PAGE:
Lecturer: Gary Barker
Weighting: 6 CATS
The elementary constituents of matter are classified into three generations of quarks and leptons (electrons and neutrinos), which interact with each other through the electromagnetic, the weak and the strong forces. An account of how to classify the elementary particles and their interactions, and a description of some of the experimental tools used to probe their properties, is the subject of this introductory module. The module starts by discussing the relationship between conservation laws and the symmetry of the families of elementary particles. Understanding this relationship is the key to understanding how elementary particles behave. We look at which quantities are conserved by which interactions and how this allows us to interpret simple reactions between particles. We discuss how particles are studied experimentally and describe the operation of some standard pieces of equipment including cathode ray tubes, mass spectrometers and particle accelerators. Finally we study how elementary particles interact with matter. One example is that of neutrinos in cosmic rays and their interaction with the earth's atmosphere.
To provide an introduction to elementary particle physics including the naming and classification of particles, their detection and their interaction with matter.
At the end of the module you should be able to:
- Define the main terms in use to classify and name the elementary particles. Make correct charge and flavour assignments to all the quark and lepton flavours.
- Discuss qualitatively the relationship between symmetries and conservation laws. Know the conserved quantities of the four fundamental interactions and be able to make simple applications of conservation laws.
- Be able to write-down the classical equation of motion for a charged particle in uniform magnetic and electric fields (non-radiative approximation), and solve for its motion in each case. Be able to discuss the main principles behind cathode ray tubes, mass spectrometers and particle accelerators.
- Be able to discuss qualitatively, several natural sources of radiation. Eg. Natural radioactivity, cosmic rays, solar and atmospheric neutrinos. Be able to calculate decay length of relativistic muon. Be able to discuss qualitatively the solar and atmospheric neutrino anomalies.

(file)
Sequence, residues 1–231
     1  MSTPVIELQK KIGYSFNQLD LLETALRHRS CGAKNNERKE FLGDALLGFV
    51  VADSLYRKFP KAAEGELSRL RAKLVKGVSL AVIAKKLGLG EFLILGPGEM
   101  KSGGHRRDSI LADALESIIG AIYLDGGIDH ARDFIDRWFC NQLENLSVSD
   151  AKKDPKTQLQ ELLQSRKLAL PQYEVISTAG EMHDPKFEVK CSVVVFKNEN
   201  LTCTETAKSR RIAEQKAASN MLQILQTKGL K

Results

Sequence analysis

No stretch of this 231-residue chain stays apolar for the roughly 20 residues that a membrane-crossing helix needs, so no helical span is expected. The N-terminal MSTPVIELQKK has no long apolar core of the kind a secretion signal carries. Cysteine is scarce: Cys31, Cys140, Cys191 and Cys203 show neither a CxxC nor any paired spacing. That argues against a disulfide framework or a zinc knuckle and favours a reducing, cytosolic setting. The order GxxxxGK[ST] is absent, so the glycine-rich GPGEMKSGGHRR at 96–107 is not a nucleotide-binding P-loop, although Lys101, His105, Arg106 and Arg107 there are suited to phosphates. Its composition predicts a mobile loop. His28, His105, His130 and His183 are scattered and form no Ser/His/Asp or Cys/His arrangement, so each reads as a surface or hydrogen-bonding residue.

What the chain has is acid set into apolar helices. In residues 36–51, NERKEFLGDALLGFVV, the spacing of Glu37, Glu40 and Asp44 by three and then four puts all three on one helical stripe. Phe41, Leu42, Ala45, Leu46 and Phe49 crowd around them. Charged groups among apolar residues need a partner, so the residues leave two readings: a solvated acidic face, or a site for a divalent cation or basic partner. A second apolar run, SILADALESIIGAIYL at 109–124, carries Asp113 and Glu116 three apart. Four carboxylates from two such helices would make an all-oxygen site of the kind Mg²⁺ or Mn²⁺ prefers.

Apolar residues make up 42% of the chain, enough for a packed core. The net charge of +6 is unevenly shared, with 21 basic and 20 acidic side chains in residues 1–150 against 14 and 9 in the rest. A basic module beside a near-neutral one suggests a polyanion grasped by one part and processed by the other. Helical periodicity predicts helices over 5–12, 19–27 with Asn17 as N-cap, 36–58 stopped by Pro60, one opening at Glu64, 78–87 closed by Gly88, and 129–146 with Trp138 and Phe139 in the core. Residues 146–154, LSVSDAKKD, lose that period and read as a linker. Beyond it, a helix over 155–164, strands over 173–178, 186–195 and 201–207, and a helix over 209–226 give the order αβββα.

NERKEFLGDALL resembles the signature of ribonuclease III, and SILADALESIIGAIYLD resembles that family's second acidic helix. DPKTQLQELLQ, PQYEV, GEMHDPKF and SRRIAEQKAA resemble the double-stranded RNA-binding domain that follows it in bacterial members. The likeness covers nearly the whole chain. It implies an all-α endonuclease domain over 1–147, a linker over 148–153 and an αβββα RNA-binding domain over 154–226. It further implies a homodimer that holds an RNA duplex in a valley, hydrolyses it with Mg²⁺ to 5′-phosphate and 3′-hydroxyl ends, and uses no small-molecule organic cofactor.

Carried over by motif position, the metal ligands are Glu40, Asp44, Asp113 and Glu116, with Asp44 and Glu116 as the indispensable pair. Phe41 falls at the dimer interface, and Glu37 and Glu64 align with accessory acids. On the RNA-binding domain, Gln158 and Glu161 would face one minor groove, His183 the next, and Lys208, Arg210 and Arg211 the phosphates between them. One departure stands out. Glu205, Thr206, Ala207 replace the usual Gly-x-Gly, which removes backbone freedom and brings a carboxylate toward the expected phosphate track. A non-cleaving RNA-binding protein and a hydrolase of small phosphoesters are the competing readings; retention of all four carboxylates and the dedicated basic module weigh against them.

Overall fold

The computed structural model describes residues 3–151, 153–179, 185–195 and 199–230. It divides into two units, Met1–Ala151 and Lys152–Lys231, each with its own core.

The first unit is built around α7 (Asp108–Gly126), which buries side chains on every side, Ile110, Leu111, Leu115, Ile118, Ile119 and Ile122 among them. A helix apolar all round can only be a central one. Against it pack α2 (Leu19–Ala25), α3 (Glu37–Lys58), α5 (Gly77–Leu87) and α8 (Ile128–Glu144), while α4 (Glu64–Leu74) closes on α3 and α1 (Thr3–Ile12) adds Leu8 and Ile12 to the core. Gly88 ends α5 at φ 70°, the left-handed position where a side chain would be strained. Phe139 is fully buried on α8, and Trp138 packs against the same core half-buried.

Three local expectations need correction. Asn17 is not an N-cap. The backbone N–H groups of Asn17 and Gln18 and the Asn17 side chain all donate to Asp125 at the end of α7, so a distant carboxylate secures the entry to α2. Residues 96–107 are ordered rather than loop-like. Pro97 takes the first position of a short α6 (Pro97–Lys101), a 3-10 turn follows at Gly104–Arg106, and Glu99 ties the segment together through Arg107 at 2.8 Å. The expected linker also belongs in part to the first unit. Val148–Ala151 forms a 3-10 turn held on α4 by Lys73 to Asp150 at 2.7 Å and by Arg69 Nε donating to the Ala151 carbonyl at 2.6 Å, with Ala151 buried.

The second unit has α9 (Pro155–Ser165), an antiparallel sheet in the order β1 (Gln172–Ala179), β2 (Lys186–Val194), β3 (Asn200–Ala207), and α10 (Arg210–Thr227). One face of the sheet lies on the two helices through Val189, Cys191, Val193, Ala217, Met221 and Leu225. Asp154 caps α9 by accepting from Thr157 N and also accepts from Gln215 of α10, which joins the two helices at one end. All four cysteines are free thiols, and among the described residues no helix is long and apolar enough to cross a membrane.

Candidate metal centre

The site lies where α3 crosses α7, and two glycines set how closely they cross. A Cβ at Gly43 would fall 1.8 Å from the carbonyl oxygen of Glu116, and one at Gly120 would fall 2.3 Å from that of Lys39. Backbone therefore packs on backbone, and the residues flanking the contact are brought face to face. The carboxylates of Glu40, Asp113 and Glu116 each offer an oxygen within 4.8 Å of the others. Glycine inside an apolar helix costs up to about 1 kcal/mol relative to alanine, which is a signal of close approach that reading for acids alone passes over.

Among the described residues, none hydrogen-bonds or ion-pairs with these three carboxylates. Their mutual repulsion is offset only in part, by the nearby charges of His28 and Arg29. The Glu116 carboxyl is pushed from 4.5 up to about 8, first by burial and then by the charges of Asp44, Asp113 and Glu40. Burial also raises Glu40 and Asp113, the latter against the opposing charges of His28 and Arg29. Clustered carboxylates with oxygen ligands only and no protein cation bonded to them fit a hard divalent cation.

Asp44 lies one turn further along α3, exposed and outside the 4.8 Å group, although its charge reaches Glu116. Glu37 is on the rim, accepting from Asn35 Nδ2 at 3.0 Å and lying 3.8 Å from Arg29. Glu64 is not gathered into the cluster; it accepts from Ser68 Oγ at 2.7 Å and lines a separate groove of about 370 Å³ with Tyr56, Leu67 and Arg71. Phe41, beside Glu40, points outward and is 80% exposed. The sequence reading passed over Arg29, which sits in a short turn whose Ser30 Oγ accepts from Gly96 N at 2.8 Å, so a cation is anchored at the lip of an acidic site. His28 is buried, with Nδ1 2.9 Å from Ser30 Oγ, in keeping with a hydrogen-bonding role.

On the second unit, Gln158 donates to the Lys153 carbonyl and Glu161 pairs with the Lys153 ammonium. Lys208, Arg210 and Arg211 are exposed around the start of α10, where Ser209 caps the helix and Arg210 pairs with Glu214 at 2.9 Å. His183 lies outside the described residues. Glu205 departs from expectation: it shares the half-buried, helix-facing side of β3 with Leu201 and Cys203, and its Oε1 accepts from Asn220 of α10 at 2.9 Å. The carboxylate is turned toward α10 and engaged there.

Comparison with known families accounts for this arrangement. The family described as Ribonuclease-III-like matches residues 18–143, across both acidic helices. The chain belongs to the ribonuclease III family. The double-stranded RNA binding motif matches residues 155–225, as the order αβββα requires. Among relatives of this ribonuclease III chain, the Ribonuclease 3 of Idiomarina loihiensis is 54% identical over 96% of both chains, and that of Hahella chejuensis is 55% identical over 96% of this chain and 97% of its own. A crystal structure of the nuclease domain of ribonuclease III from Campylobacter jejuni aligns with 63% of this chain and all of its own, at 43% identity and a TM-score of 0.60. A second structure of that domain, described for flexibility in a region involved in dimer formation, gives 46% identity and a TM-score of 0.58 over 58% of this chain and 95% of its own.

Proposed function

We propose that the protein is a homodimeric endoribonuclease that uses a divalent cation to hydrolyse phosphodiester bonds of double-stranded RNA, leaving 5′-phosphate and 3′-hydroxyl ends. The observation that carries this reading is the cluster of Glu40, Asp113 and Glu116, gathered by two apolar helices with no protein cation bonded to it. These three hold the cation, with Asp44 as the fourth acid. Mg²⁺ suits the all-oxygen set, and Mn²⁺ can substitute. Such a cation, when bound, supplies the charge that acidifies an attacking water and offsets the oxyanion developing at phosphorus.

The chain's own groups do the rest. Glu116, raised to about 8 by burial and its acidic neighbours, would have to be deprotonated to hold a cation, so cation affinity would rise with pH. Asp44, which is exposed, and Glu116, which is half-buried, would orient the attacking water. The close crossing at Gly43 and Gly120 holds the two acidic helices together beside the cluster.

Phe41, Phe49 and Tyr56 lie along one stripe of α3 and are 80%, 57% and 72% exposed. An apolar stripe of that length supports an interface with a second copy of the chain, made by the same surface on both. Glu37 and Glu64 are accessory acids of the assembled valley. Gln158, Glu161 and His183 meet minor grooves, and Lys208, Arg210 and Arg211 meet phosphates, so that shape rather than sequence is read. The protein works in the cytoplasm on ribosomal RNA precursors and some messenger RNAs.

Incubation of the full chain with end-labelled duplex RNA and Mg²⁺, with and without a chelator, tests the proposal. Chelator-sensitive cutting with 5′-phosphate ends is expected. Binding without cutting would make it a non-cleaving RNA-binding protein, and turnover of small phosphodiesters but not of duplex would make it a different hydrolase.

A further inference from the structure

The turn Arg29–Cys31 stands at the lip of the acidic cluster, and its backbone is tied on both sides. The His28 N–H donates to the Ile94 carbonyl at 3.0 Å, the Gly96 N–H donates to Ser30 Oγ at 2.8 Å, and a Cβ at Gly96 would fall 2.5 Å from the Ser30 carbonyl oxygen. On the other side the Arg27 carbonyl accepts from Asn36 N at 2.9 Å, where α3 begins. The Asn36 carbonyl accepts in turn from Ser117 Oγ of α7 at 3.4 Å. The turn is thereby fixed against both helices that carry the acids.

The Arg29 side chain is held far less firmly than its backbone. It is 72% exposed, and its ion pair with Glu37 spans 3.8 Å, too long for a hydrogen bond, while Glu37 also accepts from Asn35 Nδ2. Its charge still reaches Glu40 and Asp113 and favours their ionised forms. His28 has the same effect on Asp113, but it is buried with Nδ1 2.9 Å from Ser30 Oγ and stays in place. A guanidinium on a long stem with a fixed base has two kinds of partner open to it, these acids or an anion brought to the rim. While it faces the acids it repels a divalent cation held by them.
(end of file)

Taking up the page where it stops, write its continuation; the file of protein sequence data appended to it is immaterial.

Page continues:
- Describe the main processes at work when particles of different types pass through matter. Be able to describe the principles behind the operation of common particle detectors.
- Introduction: the Guiding Principles of Elementary Particle Physics: Simplicity, Composition, Symmetry, Unification
- Quarks and Leptons as basic building blocks: Periodic Table of Quarks and Leptons Basic compostion rules for hadrons
- The four forces and their roles: Electromagnetism, Gravity, Strong nuclear force, Weak nuclear force.
- Symmetries and conservation laws Introduction through simple examples Qualitative treatment of relationship between symmetries and conservation Laws Conservations Laws of EPP.
- Particle Physics in the natural world: Natural radioactivity, source of geothermal energy Cosmic rays Natural sources of neutrinos: radioactivity, solar, atmospheric.
- Charged particles in electric and magnetic fields. e/m of the electron, Mass spectrometry, Cathode ray tube. Particle accelerators.
- Interactions of particles with matter. Ionisation. Pair creation by photons and Bremsstrahlung. Hadronic interactions. Exponential probability of interaction: radiation and interaction lengths.
- Particle Detectors.
- The Big questions. Origin of Mass and the Higgs Grand Unification as a goal. Neutrino character and mass
This module has a home page.
Recommended Text: H D Young and R A Freedman, University Physics, Pearson.
Leads from: A-level Physics and Mathematics